At The Edge Of Fortress Europe: ‘Fire At Sea’ Reviewed

Before any images, there are words: in the last 20 years, 15,000 people have died attempting to reach Lampedusa, an island off the southern coast of Sicily. What image could bear to follow this fact?

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How The Liberals Ruined Ferguson: An Interview With Robert Stephens II

‘Obama perpetuates imperialism through performances of blackness that weren’t possible years ago. That’s why I’m so repulsed by our obsession with images of blackness in the media, because the images of blackness are now just that: images.’

On Heaven’s Gate

Bracketing the bullshit surrounding a movie is tough. But you make a concerted effort. Forget how much it cost (and lost), you tell yourself. Forget the stories and reviews and legends. Simply consider the images and sounds. Remember those strings! You replay them from Youtube. Is Cimino simply manipulating us? The audience is told to be wistful, or that the characters are wistful, or that 1870s Wyoming was full of wistfulness, or that we’re wistful for it. And remember Nate Champion, sweeping bread crumbs from his table, in his home; nervous but excited, glancing at Ella Watson for any sign of approval. Is he manipulating us too?

Rose-Tinted Telescopes: Nostalgia, Preservation and Cinema Paradiso (1988)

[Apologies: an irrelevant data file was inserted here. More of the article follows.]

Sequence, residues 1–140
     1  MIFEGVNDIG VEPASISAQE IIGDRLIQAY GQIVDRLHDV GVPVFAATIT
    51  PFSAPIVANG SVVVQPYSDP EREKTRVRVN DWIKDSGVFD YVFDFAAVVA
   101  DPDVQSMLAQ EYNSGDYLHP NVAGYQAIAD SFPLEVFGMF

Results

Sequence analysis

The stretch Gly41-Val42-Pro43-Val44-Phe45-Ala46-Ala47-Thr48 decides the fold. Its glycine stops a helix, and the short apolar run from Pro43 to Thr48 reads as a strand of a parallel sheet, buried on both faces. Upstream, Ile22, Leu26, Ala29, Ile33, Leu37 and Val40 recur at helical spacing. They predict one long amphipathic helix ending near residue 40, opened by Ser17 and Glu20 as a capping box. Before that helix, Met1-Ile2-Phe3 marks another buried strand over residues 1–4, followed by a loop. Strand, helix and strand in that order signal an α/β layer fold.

This winter, on its twenty-fifth anniversary, a cinematic re-release of Cinema Paradiso will confront a new generation of movie-lovers with Whitman’s enigmatic response. The film hasn’t changed (this is a “fully restored” version of a director’s cut that’s been around for a decade now), but what has changed is the audience. We’re jaded and bored, more nostalgic than ever for a collective film memory that has begun to fade. This time round, director Giuseppe Tornatore’s paean to lost love and a dying movie culture may just be too sad for the cinephile to bear. Paradoxically, the only therapy for this melancholy is to go and see it.

By Sam Thompson

Empathy and The Act of Killing (2013)

Joshua Oppenheimer’s documentary The Act of Killing asks Indonesian war criminals to produce lavish re-enactments of their roles in the torture and murder of ‘Communists’ and ethnic Chinese, as well as their nightmares and fantasies. The result is a mesmeric and profound indictment of the empathetic power of the moving image.

By Sam Thompson